For decades, cities in Mexico like Acapulco and Tijuana, border towns easily accessible to Americans in the southwestern United States, were synonymous with tequila-fueled revelry south of the border. Now, however, these once-vibrant tourist towns have a different reputation entirely.
With escalating violence among Mexico's powerful drug cartels, these cities have lost their allure to most -- but not all -- American tourists. While tourism has taken a hit as a result of the violence that claimed nearly 40,000 lives in the past five years, vacationers looking for more than a little R&R are still flocking to these destinations despite the danger.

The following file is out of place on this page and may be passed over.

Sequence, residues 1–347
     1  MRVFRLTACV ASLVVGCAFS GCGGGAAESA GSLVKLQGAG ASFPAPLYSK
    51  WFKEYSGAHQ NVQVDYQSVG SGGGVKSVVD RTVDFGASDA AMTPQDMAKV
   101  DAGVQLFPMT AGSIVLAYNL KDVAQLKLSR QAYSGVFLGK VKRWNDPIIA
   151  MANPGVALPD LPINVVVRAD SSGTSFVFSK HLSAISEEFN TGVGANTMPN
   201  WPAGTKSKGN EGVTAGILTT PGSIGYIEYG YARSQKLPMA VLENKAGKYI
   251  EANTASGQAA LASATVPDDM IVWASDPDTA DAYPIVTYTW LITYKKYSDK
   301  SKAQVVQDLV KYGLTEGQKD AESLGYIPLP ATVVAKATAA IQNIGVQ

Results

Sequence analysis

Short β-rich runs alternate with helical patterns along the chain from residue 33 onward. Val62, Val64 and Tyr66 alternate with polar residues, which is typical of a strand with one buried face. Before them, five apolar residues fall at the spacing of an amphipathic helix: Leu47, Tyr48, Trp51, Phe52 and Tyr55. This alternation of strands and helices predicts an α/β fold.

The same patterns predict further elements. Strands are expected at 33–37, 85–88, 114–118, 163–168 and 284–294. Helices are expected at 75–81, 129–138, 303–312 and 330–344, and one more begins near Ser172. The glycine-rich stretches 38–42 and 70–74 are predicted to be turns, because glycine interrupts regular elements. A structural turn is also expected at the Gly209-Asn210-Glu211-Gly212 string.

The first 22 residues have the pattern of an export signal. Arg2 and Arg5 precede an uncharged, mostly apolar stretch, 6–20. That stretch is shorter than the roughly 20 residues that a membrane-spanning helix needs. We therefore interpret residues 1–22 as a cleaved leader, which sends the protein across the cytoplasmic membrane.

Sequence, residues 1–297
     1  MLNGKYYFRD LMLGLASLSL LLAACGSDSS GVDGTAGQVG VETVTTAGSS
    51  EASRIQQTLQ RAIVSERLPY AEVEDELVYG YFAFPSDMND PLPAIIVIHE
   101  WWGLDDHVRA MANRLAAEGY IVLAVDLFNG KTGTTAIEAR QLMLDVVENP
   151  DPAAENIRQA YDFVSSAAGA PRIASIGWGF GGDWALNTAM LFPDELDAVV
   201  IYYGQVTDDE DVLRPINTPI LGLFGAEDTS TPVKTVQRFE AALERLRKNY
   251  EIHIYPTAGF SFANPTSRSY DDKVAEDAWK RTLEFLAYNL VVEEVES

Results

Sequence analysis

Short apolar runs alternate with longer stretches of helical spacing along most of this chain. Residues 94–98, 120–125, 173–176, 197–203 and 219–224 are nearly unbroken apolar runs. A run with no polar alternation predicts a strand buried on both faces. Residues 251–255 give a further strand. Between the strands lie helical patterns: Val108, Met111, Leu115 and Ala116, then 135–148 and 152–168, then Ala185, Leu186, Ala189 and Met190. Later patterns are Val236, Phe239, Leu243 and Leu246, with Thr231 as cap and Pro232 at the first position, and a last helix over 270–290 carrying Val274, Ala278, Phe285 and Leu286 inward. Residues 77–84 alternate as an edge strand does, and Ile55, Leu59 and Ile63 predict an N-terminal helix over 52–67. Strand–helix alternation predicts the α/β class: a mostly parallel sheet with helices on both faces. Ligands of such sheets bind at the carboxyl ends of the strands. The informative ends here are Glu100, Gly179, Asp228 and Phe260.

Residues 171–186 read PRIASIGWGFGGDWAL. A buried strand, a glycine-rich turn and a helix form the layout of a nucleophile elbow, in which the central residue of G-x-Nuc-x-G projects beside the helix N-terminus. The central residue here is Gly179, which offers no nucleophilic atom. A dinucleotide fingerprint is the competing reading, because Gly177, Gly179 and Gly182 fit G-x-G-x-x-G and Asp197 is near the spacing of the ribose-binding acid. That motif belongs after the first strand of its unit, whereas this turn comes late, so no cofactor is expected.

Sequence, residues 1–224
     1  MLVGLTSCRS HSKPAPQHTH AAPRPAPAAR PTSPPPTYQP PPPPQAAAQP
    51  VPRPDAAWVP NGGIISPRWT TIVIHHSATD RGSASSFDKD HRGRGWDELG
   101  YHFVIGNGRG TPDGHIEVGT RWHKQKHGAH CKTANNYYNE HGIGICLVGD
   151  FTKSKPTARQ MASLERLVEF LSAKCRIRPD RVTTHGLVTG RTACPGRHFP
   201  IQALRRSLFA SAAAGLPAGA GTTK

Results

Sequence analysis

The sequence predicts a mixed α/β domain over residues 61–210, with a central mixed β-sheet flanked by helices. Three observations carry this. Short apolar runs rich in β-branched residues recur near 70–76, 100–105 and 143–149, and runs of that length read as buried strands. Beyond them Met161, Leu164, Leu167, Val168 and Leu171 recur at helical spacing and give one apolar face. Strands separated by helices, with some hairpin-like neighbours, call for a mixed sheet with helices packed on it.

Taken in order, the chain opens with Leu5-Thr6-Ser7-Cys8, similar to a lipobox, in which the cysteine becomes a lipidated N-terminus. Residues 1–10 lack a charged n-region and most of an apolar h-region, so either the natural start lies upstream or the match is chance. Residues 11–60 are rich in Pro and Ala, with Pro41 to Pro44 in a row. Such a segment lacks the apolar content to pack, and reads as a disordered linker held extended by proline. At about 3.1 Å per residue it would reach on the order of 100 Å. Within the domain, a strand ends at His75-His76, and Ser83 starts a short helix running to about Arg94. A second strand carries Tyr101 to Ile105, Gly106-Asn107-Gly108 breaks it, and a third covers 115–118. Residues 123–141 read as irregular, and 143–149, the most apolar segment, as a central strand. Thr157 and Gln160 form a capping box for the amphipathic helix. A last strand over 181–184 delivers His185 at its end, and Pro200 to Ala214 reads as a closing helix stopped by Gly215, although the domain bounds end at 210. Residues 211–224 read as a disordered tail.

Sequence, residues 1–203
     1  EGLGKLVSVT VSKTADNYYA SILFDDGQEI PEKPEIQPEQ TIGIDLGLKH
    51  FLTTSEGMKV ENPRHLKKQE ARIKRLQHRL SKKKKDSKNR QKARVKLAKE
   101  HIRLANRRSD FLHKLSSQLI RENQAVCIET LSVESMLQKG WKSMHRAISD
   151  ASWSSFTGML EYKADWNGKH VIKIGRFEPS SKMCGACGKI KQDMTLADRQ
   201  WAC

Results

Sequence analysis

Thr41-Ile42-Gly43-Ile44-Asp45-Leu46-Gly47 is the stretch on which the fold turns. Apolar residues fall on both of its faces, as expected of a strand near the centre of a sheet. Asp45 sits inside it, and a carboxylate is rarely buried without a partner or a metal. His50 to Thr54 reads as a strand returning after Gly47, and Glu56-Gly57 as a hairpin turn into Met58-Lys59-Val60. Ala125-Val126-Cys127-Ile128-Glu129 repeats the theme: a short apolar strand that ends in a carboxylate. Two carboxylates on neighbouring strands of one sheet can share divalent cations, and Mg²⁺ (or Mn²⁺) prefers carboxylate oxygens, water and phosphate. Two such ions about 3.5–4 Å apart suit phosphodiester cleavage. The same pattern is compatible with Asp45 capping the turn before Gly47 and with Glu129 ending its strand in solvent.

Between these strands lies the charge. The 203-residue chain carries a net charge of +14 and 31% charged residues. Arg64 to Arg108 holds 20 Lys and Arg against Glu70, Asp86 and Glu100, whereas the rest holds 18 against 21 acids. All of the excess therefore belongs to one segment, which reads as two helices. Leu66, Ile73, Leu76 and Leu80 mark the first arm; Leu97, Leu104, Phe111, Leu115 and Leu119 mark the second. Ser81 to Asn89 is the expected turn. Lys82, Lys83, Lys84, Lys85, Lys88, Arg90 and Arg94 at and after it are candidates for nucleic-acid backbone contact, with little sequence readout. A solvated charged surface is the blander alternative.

This isn't to say all of Mexico is dangerous for tourists, of course. The U.S. State Department this year issued a travel advisory singled out the following states: Tamaulipas and Michoacán, as well as parts of Sonora, Chihuahua, Coahuila, Sinaloa, Durango, Zacatecas, San Luis Potosi and Jalisco.
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